Academic journal article Journal of Leisure Research

Contributions of Family Leisure to Family Functioning among Families That Include Children with Developmental Disabilities

Academic journal article Journal of Leisure Research

Contributions of Family Leisure to Family Functioning among Families That Include Children with Developmental Disabilities

Article excerpt

Researchers consistently find positive relationships between family leisure involvement and family functioning (Freeman & Zabriskie, 2003; Orthner & Mancini, 1991; Zabriskie, 2000, 2001; Zabriskie & Freeman, 2004; Zabriskie & McCormick, 2001, 2003). Although many studies examine leisure among traditional families, very little research focuses on nontraditional families. Mactavish and Schleien, (1998, 2004) have called for a greater understanding of family leisure among families who have children with developmental disabilities. Such families face a unique set of challenges and stressors (Singer, 2002). Many researchers agree that families who have children with developmental disabiUties face substantially greater challenges and have higher levels of stress than families without children with disabilities (GUdden, 1993; Mactavish & Schleien, 1998; Olsson & Hwang, 2001; Warfield, Krauss, Hauser-Cram, Upshur, & Shonkoff, 1999). Contrary to previous research (Kronick, 1976; Margalit & Heiman, 1986), some scholars (Cahill & Gildden, 1996; Dyson, 1996; Ferguson, 2002) have reported that although families of children with developmental disabilities face greater challenges and stress, they may still function at or near the same levels as traditional famiUes without children with disabilities.

Olson (2000) suggests that a family's abihty to successfully function as a system is demonstrated through its capacity to meet its needs for cohesion and adaptability. Zabriskie and Freeman (2004) argue that such needs are often met through family leisure involvement. Recent studies among various family types (Freeman & Zabriskie, 2003; Zabriskie & Freeman, 2004; Zabriskie & McCormick, 2001, 2003) have followed Orthner and Mancini's (1991) recommendation of using a family systems perspective as a theoretical framework to examine the contributions of family leisure. These studies consistendy support the relationship between family leisure involvement and family functioning among a variety of family structures including broad general samples of families (Zabriskie & McCormick, 2001 : Zabriskie, 2000), families with transracial adoptive children (Freeman and Zabriskie, 2003; Zabriskie & Freeman, 2004), Hispanic families (Christenson, Zabriskie, Eggett, & Freeman, 2006), and single parent families (Smith, Taylor, Hill, & Zabriskie, 2004). Researchers have called for further known group studies including famiUes of children with developmental disabiUties (Zabriskie, 2000; Zabriskie & Freeman, 2004; Zabriskie & McCormick, 2001, 2003).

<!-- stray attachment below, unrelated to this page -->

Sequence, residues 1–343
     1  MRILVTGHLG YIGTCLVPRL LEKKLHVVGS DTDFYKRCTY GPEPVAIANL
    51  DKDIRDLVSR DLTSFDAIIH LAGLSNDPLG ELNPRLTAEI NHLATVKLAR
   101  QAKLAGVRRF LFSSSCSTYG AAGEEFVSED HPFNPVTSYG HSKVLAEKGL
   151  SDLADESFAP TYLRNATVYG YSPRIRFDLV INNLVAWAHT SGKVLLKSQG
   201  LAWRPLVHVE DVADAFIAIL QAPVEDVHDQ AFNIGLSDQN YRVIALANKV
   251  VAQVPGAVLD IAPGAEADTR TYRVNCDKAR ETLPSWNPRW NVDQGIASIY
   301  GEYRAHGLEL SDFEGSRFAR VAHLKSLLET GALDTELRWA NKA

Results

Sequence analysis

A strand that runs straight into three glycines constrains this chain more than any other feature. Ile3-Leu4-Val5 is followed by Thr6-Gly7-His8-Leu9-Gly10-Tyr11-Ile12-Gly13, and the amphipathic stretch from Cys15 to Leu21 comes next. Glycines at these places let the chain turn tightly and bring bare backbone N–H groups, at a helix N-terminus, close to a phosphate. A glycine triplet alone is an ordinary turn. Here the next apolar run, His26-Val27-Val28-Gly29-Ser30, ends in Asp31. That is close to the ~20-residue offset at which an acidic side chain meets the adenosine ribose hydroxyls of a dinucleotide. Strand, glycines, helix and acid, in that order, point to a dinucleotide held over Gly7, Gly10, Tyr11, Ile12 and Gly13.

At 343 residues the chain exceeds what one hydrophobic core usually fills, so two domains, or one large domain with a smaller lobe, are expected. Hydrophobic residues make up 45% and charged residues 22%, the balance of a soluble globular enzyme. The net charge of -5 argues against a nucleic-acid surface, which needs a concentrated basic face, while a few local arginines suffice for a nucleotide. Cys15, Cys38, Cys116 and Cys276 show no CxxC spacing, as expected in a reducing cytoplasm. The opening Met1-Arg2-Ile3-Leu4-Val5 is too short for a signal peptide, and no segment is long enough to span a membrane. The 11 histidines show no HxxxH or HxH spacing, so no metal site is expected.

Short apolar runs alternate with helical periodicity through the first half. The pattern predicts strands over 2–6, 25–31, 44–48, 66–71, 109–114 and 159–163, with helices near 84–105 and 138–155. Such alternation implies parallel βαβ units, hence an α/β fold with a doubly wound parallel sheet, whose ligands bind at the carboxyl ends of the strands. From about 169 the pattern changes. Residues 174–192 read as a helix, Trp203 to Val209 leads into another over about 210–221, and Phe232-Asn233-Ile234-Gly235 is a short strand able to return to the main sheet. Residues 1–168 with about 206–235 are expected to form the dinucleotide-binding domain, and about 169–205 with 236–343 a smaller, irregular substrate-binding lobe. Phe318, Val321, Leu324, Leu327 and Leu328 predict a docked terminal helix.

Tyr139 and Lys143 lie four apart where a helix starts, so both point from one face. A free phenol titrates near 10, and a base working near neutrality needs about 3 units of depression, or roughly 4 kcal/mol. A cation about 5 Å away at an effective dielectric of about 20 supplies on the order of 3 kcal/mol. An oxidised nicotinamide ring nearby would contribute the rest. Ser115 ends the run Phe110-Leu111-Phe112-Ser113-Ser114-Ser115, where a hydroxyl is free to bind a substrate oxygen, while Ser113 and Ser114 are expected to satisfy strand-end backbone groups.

Research examining leisure in these families is in its infancy (Mactavish & Schleien, 1998, 2004; Mactavish, Schleien, & Tabourne, 1997; Scholl, McAvoy, Rynders, & Smith, 2003). While the literature provides a sound basis for this emerging line of research, most findings are based on qualitative methodologies with small samples. A next step in this line of research is to examine the contributions of family leisure involvement to measurable outcomes (such as aspects of family functioning) in larger samples of families who have a child with a developmental disability. This will not only further this line of study, but also provide insight and direction for researchers and practitioners attempting to strengthen families and improve family functioning in families that include children with developmental disabilities.

Review of Literature

Family Functioning and Family Leisure

Studies of family leisure. Some scholars suggest that leisure is the single most important force promoting cohesive, healthy relationships between husband and wives, and between parents and their children (Couchman, 1982). Family leisure studies were first conducted in the 1930s (Hawks, 1991), and since that time they have improved in both their theoretical framework and their statistical analysis. Current studies and new theoretical models in family research "provide greater understanding and vital direction for the development and provision of services that are likely to strengthen famiUes" (Zabriskie, 2001, p. …

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